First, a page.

Side note: One of the problems I have noticed in the whole debate over climate change, the environment, etc, is that people fail to understand two crucial points. One: the human-environment interaction. Two: the compounding consequences of our actions upon all aspects of life. What is bad for the environment is bad for humans. So, it’s not just about trying to help the environment and saving nature, it’s also about protecting our health and the health of our children.  When I hear people say they don’t care about the environment, I always want to tell them they better not have children, because it would be a cruel thing to do. The state of this planet will impact the health of our children, so why bring a child into the world to make it suffer in a world full of pollution and disease-causing chemicals. The second point I want to raise is that people naturally have difficulty understand far reaching consequences. The conflict we’re dealing with in the modern age is that our brains are still quite primitive and unable to understand consequences on a global scale; we do much better with direct cause and effect that is obvious. While our brains are still stuck on that scale, our actions have expanded to have global consequences. An example of this is air conditioning. Yes, it is hot, so you turn on the air conditioning. This requires electricity, which means fossil fuels are burning. Fossil fuels contribute to increased temperatures in the area you are trying to cool. This doesn’t happen immediately like the cold air you feel from the air conditioning, it occurs slowly over years, each summer hotter than the previous. The urban heat island effect also impact water quality by sending large amounts of hot water directly into streams and lakes, causing a rise in water temperatures. This impacts the ecosystems, contributing to large oxygen depleting algae blooms in water, massive dead zones in lakes where no plant or animal life can survive, and deteriorates overall water quality. So, most likely, when you turn on the air conditioning, this is not what you think about. All you do is flip a switch or press a button without thinking twice.

Okay, back to before that rant — the use of fossil fuels began with the Industrial Revolution in the 1700s. Coal was, and still is, a cheap and abundant source of energy. Coal and oil are resources that will eventually become depleted, and the big challenge right now is pushing forward new technologies for renewable energy immediately and not waiting until we’ve actually depleted our fossil fuels completely. Coal companies began several years ago toting “clean coal” as a way of reducing carbon emissions from coal plants. This is done by carbon capture, which involves catching the carbon dioxide by-product from burning coal and literally storing it underground. This solution is a dangerous one. Many coal plants are not geographically able to store carbon dioxide, and it is also very risky to have large stores of carbon dioxide underground in the event of an earthquake or other disaster. This is not a viable solution in my opinion, since the consequences of a leak seem to great and at the bottom line, coal is still being burned to generate electricity. Another problem with burning fossil fuels is the lack of efficiency. As these sources are quickly depleted, more energy must be put into extracting them from the earth. If more energy is put into extracting coal and oil than we are getting from them., it is an inefficient energy source. Burning coal for electricity is also inefficient because of the lost energy in conversion and distribution. Coal plants generate electricity that is distributed to a network of electricity lines; during the transfer some energy is lost. Alternative energy sources are more efficient because there is not as much lost energy in production and conversion, and the possibility of on-site electricity production is a viable option.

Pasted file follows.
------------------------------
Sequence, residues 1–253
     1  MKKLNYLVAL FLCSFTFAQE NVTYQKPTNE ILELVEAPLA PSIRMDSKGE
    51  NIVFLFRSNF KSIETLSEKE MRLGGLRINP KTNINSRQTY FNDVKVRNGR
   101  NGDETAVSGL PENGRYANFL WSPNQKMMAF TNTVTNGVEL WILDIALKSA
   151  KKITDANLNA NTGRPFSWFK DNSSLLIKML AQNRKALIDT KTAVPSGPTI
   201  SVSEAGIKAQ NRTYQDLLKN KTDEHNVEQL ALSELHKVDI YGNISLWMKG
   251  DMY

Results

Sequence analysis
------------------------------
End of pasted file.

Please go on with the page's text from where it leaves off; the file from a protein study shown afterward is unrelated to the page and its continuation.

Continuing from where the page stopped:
Alternative energy

The most promising options for renewable energy sources are sun and wind power. Technological advances in photovoltaics, solar panels and wind mills would be able to provide the world with all the energy it needs. There was an article published in Scientific American in 2009 detailing how we actually switch to 100% renewable energy production through using all forms of renewable energy. The article can be found online at Scientific American; its long, but it’s a good read and they make some very valid points to support their argument.

So, this is getting quite long, so I have decided to make it a two-parter. Part two will focus on the options for renewable energy sources and the monopoly big coal and oil companies have on the energy production market.